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After The Missile Attack, Is Iran Done With Its Retaliation?

Iranian Supreme Leader Ayatollah Ali Khamenei described the missile attack on U.S. bases in Iraq as as a "slap in the face" for Washington.

Iran's direct retaliation for the January 3 U.S. assassination of Quds Force commander Qasem Soleimani raises the stakes in the escalating conflict between Tehran and Washington but puts the ball back in the Unites States' court, analysts say.

Iranian forces launched an overnight missile strike on two Iraqi facilities housing U.S. troops in Iraq, which was described by Iranian Supreme Leader Ayatollah Ali Khamenei as a "slap in the face" for Washington.

Khamenei did not call for more military retaliatory actions, instead saying that "What is important is ending the corrupting presence of America in the region."

Analysts say the next move in the affair lies with Washington.

"I believe the comment that a war has already started may not necessarily be true, the U.S. response can be limited," said Mehrzad Boroujerdi, director of Virginia Tech's School of Public and International Affairs, told RFE/RL's Radio Farda.

He added that the U.S. move will depend on whether the Iranian strikes resulted in fatalities among American troops.

In his initial reaction, U.S. President Donald Trump, who ordered Soleimani's assassination, tweeted "All is well" and "So far, so good."

Trump added that casualties and damage from the missile attacks were being assessed and that he would make a statement on January 8.

Preventive Measures

Iranian Defense Minister Amir Hatami said on January 8 that the U.S. had "certainly" taken measures to prevent casualties.

"They knew that revenge would happen," he said. "They had made some preparations, although their preparations did not prevent the missiles from hitting [their bases] -- they had definitely taken measures to prevent casualties."

Hatami added that Tehran's next move "will depend on what [the Americans] will do."

"When it comes to us, we took harsh revenge," he said.

No Casualties As Iran Launches Missiles At U.S. Bases In Iraq
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Ali Vaez, the director of the Iran Project at the International Crisis Group (ICG), suggested that Tehran may have given Washington advance warning in order to limit or avoid any casualties.

"I wouldn't be surprised at all if we later learn that either through visible movement of missile launchers or messaging through intermediaries, Tehran had tried to give advanced warning to the U.S. so as to limit casualties," he tweeted on January 8.

"The ball is now back in Trump's court," he added.

Despite the strikes, Iranian officials made it clear in their statements that they have no appetite for a full-scale war.

"We do not seek an escalation or war, but we will defend ourselves against any aggression," Iranian Foreign Minister Mohammad Javad Zarif said on Twitter, adding that the Iranian move "was legitimate self-defense."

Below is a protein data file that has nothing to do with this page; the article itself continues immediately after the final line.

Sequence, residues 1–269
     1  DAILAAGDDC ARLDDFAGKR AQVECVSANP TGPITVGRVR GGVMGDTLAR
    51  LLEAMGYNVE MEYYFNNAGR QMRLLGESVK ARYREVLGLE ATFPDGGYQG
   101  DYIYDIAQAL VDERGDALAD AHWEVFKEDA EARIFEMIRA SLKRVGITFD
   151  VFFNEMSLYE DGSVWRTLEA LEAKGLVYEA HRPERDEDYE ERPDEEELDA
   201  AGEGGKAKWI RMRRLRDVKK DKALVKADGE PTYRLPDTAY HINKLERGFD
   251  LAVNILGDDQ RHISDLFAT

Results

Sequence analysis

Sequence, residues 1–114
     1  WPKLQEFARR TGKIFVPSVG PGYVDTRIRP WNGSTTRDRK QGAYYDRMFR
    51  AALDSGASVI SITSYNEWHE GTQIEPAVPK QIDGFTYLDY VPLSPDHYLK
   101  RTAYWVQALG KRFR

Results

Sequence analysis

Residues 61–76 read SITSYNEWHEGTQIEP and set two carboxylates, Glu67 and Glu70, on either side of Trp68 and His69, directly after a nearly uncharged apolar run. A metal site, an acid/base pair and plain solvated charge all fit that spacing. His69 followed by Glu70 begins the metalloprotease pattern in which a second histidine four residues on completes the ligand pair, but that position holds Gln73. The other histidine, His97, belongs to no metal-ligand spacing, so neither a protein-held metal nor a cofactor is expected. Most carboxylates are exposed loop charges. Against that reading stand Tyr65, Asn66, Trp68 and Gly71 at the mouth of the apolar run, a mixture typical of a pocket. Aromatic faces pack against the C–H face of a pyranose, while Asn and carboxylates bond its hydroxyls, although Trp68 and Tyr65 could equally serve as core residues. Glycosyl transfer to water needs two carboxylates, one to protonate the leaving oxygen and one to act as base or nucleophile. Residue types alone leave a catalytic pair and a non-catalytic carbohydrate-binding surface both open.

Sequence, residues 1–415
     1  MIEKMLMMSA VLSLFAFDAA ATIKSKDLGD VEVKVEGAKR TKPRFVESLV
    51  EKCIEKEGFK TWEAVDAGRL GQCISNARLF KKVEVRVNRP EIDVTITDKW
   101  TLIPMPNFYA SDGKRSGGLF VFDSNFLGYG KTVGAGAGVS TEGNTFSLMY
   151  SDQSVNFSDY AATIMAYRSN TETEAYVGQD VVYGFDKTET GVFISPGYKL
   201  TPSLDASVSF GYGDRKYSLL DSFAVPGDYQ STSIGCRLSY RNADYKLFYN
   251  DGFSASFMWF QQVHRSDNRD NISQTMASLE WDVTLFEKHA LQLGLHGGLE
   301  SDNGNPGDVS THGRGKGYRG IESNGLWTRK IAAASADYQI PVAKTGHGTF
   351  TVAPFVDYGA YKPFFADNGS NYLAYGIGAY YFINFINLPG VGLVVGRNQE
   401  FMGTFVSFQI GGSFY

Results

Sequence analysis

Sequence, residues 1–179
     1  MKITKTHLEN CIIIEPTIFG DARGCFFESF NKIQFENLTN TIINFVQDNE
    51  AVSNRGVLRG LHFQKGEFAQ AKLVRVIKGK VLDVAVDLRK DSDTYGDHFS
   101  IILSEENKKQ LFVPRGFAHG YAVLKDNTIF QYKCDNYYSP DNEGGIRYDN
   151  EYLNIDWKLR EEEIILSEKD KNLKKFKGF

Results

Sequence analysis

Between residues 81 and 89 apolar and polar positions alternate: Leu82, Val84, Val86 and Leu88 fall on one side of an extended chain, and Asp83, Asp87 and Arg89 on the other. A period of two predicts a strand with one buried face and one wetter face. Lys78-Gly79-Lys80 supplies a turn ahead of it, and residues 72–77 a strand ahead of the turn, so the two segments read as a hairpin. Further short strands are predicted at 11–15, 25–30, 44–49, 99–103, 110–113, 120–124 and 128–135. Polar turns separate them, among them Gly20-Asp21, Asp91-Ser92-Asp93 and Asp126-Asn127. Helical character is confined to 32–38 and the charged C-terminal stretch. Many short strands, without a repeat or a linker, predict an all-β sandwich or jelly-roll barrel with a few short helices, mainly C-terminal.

Creating An 'Unfavorable Atmosphere'

Raz Zimmt, an Iran analyst at the Institute for National Security Studies (INSS) in Tel Aviv, told RFE/RL that Iran was making a distinction between immediate revenge for Soleimani's assassination -- namely its missile attack -- and more important long-term strategic revenge, which is the removal of the United States from the region.

"Therefore, unless the U.S. retaliates to the Iranian attack, the Iranians, in my opinion, will prefer to execute a 'road map' or a working plan, ultimately aimed at ending the U.S. presence in Iraq, over continuing to hit American targets, which could further escalate the situation and even lead to a military confrontation which doesn't serve Iranian interests," he said.

Clement Therme, a postdoctoral research fellow for the Nuclear Knowledge team at CERI-Sciences Po in Paris, told RFE/RL that Iran's objective was "to create a psychological atmosphere unfavorable to the maintenance of the American military and economic presence, and to break what it calls 'encirclement' by the American bases."

Therme said that, in the short term, Soleimani's death has allowed the Islamic republic to capitalize on "anti-American sentiments in Iraq."

"His death thus diverted attention from Iranian interference to American interference."

Zimmt said Iran's plan could include "both military actions, especially through the use of proxies, and political pressure on Iraqi political factions and government to encourage a U.S. withdrawal."

Speaking to journalists in Tehran, Hatami suggested that Tehran's proxies could retaliate over Soleimani's killing.

"Martyr Soleimani was an international figure of the 'resistance' [an alliance between Iran, Syria, and the Lebanese Hizballah]; he was an asset that belonged to all the soldiers of the resistance," he said. "They will pursue some policies [in his name]."

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    Golnaz Esfandiari

    Golnaz Esfandiari is a senior correspondent for RFE/RL focusing on Iran. She has reported from Afghanistan and Haiti and is one of the authors of The Farda Briefing newsletter. Her work has been cited by The New Yorker, The New York Times, The Washington Post, and other major publications. Born and raised in Tehran, she is fluent in Persian, French, English, and Czech.